Key West author Reef Perkins shares more of his hilarious book,
***Back in the Ford***
The Ford Fairlane ran cool at ninety-five miles an hour on the Florida Turnpike and there was plenty of air. The damp, dirt-scented breeze sucked fast through the Ford and bitch-slapped a green Pine Tree deodorizer hanging from Fakyah’s middle finger. Blu bought the stinky tree and a six-pack of Schlitz at the Guzzle gas station. He was trying to soften her up and more importantly, get rid of the old lady lavender scent in the car. The smell reminded him of his grandmother. He loved Granny but hated the smell of lavender. It made him sad.
He glanced at Fakyah. Every time Blu saw a woman, he liked to think about what love is, or could be. He already knew it was easier to love than to be loved. You can love somebody then just up and quit but, if someone loves you, and you let them, it’s not as easy to bail. Blu leaned toward Fakyah and inhaled deeply. She smelled of compressed air, pine tree, gasoline and beer. Blu loved her; he went first and it was easy.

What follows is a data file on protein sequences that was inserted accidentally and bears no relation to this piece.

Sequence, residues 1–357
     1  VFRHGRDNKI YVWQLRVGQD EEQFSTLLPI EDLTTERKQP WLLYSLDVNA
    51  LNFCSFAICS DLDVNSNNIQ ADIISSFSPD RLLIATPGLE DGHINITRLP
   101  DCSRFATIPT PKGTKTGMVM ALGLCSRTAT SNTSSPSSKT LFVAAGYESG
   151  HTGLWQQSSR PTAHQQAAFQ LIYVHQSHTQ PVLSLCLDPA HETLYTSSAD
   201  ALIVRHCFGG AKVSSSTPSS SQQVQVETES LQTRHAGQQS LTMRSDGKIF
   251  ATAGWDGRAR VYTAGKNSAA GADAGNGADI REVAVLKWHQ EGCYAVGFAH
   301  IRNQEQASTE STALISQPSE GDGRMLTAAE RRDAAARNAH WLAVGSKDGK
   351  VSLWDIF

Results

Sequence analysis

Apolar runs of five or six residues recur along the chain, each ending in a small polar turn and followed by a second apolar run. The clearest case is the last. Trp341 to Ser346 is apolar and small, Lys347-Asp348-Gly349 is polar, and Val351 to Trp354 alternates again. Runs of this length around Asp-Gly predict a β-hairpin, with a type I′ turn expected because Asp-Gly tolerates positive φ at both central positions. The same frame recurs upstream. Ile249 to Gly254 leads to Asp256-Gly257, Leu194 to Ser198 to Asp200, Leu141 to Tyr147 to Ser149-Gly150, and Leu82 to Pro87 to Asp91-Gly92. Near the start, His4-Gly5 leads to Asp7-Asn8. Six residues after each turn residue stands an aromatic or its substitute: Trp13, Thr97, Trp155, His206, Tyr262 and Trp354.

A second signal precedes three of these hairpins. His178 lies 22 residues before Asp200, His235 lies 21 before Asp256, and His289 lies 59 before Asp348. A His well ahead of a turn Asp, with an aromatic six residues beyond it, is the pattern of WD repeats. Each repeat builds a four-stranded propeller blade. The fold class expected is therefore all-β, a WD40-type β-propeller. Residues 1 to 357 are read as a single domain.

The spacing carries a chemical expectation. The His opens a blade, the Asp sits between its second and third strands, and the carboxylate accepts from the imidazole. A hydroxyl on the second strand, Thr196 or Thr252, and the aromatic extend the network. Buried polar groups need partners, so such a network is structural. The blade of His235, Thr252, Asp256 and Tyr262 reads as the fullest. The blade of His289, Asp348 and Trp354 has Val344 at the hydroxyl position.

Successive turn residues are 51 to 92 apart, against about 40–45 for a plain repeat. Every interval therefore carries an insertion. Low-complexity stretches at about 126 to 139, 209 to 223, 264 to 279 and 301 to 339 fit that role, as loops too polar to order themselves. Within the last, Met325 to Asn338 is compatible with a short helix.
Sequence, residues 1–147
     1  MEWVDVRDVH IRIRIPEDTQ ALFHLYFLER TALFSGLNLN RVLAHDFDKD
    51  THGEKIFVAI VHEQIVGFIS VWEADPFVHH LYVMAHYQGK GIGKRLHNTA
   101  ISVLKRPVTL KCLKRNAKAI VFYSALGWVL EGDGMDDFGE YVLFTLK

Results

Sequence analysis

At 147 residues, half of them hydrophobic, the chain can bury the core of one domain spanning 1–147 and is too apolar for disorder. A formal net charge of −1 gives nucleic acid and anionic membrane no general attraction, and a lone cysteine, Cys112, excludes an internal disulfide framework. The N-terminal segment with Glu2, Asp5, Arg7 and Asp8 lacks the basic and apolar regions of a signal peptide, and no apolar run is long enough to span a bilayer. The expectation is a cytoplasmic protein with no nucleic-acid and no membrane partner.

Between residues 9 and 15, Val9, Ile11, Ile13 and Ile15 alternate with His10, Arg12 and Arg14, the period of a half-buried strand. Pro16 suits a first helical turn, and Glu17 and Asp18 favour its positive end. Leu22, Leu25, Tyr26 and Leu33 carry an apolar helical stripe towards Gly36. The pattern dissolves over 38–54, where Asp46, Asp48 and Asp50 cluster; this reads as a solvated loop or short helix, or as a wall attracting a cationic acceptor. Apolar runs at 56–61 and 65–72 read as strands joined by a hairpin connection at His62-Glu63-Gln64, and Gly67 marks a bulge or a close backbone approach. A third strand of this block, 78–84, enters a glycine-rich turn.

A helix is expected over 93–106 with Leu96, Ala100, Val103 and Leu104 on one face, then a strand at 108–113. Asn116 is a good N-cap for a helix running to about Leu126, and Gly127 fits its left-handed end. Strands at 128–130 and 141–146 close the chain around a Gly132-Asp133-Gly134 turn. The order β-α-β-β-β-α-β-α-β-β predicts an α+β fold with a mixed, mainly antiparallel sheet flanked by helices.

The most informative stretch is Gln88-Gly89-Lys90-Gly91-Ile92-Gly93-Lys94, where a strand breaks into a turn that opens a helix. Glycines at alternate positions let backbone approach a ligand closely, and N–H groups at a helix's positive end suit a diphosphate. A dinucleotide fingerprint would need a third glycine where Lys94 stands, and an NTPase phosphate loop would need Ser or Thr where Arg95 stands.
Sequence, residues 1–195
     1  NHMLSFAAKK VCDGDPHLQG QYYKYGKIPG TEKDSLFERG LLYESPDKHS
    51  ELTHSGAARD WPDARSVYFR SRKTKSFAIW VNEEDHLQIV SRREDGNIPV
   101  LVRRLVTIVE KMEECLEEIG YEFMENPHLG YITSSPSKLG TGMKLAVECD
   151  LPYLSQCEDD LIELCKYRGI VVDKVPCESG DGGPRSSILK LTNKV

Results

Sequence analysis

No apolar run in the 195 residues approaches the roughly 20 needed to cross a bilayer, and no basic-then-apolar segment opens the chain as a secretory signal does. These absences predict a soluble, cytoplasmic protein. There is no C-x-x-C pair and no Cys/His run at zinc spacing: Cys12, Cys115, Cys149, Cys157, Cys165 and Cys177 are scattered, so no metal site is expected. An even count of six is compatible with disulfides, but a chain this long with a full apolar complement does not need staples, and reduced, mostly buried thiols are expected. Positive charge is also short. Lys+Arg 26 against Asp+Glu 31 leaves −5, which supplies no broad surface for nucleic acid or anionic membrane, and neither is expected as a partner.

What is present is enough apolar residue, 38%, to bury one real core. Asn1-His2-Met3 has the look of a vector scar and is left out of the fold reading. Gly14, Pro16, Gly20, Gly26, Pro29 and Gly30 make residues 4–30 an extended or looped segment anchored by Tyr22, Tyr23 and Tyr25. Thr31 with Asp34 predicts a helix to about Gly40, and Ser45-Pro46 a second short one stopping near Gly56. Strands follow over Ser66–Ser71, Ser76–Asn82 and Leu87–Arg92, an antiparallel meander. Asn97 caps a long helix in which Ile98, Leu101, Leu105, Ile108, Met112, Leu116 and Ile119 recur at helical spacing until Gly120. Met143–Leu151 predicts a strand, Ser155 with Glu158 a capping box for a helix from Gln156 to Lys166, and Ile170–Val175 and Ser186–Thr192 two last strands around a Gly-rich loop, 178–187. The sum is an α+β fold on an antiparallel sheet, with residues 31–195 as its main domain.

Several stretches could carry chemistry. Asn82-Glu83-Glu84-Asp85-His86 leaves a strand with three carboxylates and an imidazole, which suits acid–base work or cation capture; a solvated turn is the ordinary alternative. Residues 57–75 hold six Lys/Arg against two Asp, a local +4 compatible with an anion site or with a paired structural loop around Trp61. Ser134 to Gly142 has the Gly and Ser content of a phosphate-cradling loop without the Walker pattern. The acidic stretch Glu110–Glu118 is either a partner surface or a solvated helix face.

Fakyah held her slim right hand out the window and watched the stinky Christmas tree spin until it twisted tight and turned her middle fingertip pink. She pulled her hand back and showed her middle finger. Blu noticed some indiscernible markings on her knuckles. She took a good whiff of the ‘Pine,’ then let it spin back the other way. It was her emotional gyrocompass.
Blu whistled a salty tune to avoid being hypnotized. He reached down the front of his shorts, paused briefly and retrieved his secret herb stash, duct taped to his inner left thigh. “Ouch!” Blu croaked. Fakyah pinched her lips, snorted and looked away. Blu fingered the roll of twenties on the way out of his shorts then fumbled for, fondled, and finally fired off a well-rolled spliff.
“Last of the cars with good side vents,” Fakyah said through the pungent haze. Her backlit green eyes tracked Blu like a helicopter spotlight in a cop show.
Blu took another toke, “Cars, danged if you ain’t right, Fakyah, this one here’s a sixty-five Ferd Furlane.” He exhaled a small cumulus. “I love cars.”
“No shit … Smoke?”
It was quiet. It was good, but the traffic was making Blu nervous. He exited onto US Highway 1.